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Antigua, GT: Metiz Delicatessen Frances--Excellent cheeses, cured meats, and the best rillettes I've ever had

JoanN Apr 3, 2012 04:53 PM

This is a new French deli, opened at the end of 2011. It’s located at 4a Avenida Sur No.1, just half a block south of the Cathedral off Parque Central. The owner, Bernard, a young Parisian expat, is very happy to give you samples of the cured meats and cheeses. Most people seem to be buying sandwiches, and he has a quite an impressive list. But I go for the superb imported prosciutto and simply outstanding house-made and jarred pork and duck rillettes. I’ve never had better rillettes anywhere, not even in Paris.

There’s only one table in the shop so this more of a takeaway than eat-in place. But there is no better place in town for putting together a little picnic basket. Cheeses and meats vary, depending on what he’s been able to buy locally as well as import. But everything I’ve tried has been good to superb. Especially those rillettes. Not cheap, at least not by Guatemalan standards. But worth every quetzal.

  1. h
    Hungry Celeste Jun 14, 2012 02:52 PM

    Any idea of the hours?

    2 Replies
    1. re: Hungry Celeste
      JoanN Jun 14, 2012 06:06 PM

      Sorry, I don't. I usually went in the early afternoon.

      1. re: JoanN
        Hungry Celeste Jul 10, 2012 04:48 AM

        Metiz is a compact little spot; didn't try a sandwich, though the deli case was filled with imported stuff. The counter clerk was friendly. Also has a small selection of teas, chocolates, and a small freezer case w/macarons, ice creams, etc.

    2. JoanN Dec 26, 2013 08:31 AM

      A heads up that Metiz Delicatessen has moved a couple of blocks north to 4 Avenida Norte No. 4. I hear that they have expanded their menu considerably, and with more room, they have more seating. I'll be back in March of '14 and am very much looking forward to trying some of their new offerings.

      8 Replies
      1. re: JoanN
        Worldwide Diner Jan 18, 2014 07:57 PM

        I'm thinking about visiting Antigua towards the end of May for a week and staying at Soleil La Antigua. Can someone give me some feedback about how safe it is to walk there at night by myself from city center? And suggestions for places to eat and drink. I'm not a coffee/breakfast person so just lunch/dinner recommendations as well as English friendly bars. Although I'll be on vacation, I don't want to pack on weight. I prefer seafood and avoid starches, but I'm not averse to eating weird things. I think I'll spend considerable time at the market so suggestions that won't upset stomachs would be greatly appreciated.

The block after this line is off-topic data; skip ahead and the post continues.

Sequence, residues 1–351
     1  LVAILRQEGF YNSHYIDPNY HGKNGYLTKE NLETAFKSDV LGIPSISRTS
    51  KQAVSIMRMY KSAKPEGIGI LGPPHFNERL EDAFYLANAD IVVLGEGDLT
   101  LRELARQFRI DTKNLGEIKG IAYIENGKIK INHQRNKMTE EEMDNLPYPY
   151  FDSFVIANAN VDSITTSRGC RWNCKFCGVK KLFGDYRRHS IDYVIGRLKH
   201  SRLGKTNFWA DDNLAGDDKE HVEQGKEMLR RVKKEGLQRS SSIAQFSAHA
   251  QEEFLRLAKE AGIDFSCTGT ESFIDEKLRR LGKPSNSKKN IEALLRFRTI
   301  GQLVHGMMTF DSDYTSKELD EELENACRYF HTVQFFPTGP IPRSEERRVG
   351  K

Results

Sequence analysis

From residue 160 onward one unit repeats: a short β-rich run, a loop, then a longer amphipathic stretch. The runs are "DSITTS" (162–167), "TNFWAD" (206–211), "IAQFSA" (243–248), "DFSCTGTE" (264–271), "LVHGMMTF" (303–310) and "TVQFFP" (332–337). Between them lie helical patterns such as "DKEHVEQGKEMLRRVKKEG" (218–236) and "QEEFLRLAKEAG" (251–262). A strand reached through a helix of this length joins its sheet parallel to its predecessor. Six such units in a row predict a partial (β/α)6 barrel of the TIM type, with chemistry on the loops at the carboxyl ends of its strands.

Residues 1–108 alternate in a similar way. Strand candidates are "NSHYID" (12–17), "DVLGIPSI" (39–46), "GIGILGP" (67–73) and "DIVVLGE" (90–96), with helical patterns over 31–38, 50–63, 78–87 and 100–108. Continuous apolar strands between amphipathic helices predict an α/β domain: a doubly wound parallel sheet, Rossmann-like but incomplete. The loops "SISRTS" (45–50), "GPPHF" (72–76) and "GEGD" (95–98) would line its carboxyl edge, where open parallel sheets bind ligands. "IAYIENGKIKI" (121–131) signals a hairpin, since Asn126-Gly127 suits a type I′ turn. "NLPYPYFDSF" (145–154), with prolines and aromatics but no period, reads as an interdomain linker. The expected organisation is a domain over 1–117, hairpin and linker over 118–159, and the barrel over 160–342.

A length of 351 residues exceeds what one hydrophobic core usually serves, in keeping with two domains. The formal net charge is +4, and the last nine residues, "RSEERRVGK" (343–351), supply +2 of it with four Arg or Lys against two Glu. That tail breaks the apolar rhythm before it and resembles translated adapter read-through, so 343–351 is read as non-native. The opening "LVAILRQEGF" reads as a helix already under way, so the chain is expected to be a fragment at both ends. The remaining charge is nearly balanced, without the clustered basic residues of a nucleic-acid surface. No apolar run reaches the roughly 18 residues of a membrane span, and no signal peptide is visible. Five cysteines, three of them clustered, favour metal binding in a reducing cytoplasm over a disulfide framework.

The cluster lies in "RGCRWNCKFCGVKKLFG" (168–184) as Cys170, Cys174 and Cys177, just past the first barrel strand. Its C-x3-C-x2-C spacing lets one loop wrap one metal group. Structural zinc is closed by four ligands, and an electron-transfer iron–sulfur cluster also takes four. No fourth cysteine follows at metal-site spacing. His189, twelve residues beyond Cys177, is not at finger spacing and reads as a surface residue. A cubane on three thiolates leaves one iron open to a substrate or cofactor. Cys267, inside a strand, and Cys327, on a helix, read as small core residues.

1. re: Worldwide Diner
          JoanN Jan 19, 2014 06:28 AM

          I spend two to three months in Antigua every spring and feel perfectly safe, as a single, older, woman, walking around the center of town at night. That said, Soleil La Antigua is right on the edge of town. I’m sure it would be safe up to the hotel, but begins to be less safe heading southwest past it. A lot depends on how much bar hopping you intend to do and how late at night you plan on returning to your hotel. I wouldn’t want to go staggering back to that location at 2:00 a.m. after hanging out at the mezcal bar all night.

          You’ve probably already discovered that if you search this board for “Antigua, GT” you’ll find dozens of recommendations for where to eat, fewer for where to drink. Restaurants and bars open and close frequently, so some places may no longer exist. But most of the standbys, Hectors, Sobremesa, Bistro Cinq, Epicure, and Sabe Rico are all still there as are the high end hotel restaurants, and you should be able to find healthy meals at all of them although there may be only a single fish dish on the menu. Never been, but Rainbow Cafe offers a number of vegetarian options. For fish and seafood I would specifically check out Izakaya and the hole-in-the-wall ceviche place on the Roman Road, north of the mercado, at about 1st Calle. Hugo’s Ceviche started out as a cart just south of the mercado, and they may still have one there, although there is now also a brick-and-mortar restaurant.